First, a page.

ELTABB Journal Volume 1 - Page 6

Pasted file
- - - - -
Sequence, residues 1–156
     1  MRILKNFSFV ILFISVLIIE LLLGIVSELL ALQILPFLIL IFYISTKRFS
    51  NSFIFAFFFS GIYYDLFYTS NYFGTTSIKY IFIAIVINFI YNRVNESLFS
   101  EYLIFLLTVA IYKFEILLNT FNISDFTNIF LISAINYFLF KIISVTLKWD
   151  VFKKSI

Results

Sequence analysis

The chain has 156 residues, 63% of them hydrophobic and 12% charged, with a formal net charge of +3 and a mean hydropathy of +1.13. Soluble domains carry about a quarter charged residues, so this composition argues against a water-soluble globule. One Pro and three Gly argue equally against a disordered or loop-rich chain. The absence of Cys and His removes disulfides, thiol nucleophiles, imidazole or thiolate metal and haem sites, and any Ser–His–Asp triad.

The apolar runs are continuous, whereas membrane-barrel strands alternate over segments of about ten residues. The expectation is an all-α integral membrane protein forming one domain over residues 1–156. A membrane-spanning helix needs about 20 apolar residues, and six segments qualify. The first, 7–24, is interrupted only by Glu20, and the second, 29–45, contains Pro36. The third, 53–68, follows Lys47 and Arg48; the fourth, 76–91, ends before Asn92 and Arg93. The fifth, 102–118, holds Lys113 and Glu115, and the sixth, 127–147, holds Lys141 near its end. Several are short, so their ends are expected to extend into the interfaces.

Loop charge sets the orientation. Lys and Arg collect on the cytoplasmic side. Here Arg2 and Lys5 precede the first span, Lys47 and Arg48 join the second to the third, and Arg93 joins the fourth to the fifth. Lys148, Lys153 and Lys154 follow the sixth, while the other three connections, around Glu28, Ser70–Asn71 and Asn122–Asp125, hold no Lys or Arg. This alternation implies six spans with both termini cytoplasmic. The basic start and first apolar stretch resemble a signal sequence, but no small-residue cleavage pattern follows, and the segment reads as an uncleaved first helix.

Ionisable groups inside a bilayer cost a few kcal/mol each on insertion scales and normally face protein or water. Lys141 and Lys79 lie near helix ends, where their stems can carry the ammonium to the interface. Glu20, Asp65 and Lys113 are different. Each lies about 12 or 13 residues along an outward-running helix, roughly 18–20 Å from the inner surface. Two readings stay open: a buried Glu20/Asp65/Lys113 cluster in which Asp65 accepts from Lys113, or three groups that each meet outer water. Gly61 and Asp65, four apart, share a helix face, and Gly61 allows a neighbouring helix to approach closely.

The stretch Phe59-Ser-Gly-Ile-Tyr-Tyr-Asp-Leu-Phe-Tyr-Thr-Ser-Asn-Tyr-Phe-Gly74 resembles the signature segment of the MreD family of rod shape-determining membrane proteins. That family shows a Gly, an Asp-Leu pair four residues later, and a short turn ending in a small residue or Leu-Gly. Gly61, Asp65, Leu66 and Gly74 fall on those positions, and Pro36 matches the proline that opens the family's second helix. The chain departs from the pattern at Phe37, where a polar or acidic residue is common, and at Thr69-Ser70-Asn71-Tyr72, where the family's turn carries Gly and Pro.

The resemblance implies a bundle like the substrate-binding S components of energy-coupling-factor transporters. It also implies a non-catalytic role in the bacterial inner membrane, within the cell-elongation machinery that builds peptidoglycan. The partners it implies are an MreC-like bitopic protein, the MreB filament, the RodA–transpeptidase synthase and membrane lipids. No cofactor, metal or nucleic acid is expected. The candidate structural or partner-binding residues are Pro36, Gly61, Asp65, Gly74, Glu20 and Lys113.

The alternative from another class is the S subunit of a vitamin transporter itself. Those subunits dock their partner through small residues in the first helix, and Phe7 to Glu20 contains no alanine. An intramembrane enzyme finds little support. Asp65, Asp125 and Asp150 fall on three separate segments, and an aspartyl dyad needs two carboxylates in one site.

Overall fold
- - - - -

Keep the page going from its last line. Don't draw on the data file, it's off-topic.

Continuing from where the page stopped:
The program was based on the principle that ‘less is more’ (ibid.: 189), and that effective writing instruction involves simply: Motivating students to want to practise and improve Giving students control of decisions about their work Limiting teaching to what students need or want to learn. Teaching ‘at the point of need’ is, of course, a principle that underpins the whole language learning movement, including ‘reading recovery’ programs. Courtney Cazden (1992: 129), for example, writes about ‘recognizing the need for temporary instructional detours in which the child’s attention is called to particular cues available in speech or print’ (emphasis added). It would also seem analogous to the reactive focus on form promoted by proponents of task-based learning, described by some researchers as ‘leading from behind’ (e.g. Samuda 2001), whereby the teacher intervenes to scaffold the learners’ immediate communicative needs. As Long and Norris (2009: 137) write: Advantages of focus on form include the fact that attention to linguistic code features occurs just when their meaning and function are most likely to be evident to the learners concerned, at a moment when they have a perceived need for the new item, when they are attending, as a result, and when they are psycholinguistically ready (to begin) to learn the items. ‘Point of need’ teaching also shares characteristics of what are known as ‘just in time’ (JIT) interventions, as when the user of unfamiliar computer software refers to a Help menu or seeks online support. Thus, in noting how video games embed sound pedagogical principles, James Paul Gee (2007: 142) identifies what he calls the Explicit Information On-Demand and Justin-Time Principle, which goes: ‘The learner is given explicit information both on demand and just in time, when the learner needs it or just at the point where the information can best be understood and used in practice.’ This is a principle both of good video games and of good teaching. Gee makes the point that ‘Learners cannot do much with lots of overt information that a teacher has explicitly told them outside the context of immersion in actual practice. At the same time, learners cannot learn without some overt information; they cannot discover everything for themselves’ (ibid.: 120). Gee gives the example of good classroom science instruction, where ‘An instructor does not lecture for an extended period and then tell the learners to go off and apply what they have learned in a group science activity … Rather, as group members are discovering things through their own activity, the good science instructor comes up, assesses the progress they are making and the fruitfulness of the paths down which they are proceeding in their enquiry, and then gives overt information that is, at that point, usable’ (ibid. 120). How does this principle apply to grammar teaching, as in the hypothetical case we started with? I.e. Teacher 2: ‘Tell me something I don’t know, and I’ll help you to say it better.’ In teaching one-to-one, it is relatively straight-forward and easy to manage. The learner performs a task (perhaps something they will need to do in their work), and the teacher provides corrective feedback, either during or immediately afterwards. The corrective feedback may be overt (‘You said X, but you should have said Y’) or covert, in the form of a recast: Student says ‘He go to work by bus’. Teacher says, ‘Ah, he goes to work by bus’. The feedback may involve explanation (‘We use –s on third person simple present verbs’), or it may not. And the lesson sequence may require the student to repeat the task, incorporating the corrections. But with a single student, none of these procedures is necessarily very difficult to engineer. 6